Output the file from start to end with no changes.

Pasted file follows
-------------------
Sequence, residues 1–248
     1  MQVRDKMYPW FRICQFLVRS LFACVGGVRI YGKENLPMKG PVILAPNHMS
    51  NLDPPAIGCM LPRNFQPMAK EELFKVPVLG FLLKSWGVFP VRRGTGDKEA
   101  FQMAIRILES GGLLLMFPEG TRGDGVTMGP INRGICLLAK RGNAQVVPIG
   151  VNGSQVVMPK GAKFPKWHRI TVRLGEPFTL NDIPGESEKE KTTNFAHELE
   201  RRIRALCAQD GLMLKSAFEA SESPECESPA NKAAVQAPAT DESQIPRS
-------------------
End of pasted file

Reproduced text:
Sequence, residues 1–248
     1  MQVRDKMYPW FRICQFLVRS LFACVGGVRI YGKENLPMKG PVILAPNHMS
    51  NLDPPAIGCM LPRNFQPMAK EELFKVPVLG FLLKSWGVFP VRRGTGDKEA
   101  FQMAIRILES GGLLLMFPEG TRGDGVTMGP INRGICLLAK RGNAQVVPIG
   151  VNGSQVVMPK GAKFPKWHRI TVRLGEPFTL NDIPGESEKE KTTNFAHELE
   201  RRIRALCAQD GLMLKSAFEA SESPECESPA NKAAVQAPAT DESQIPRS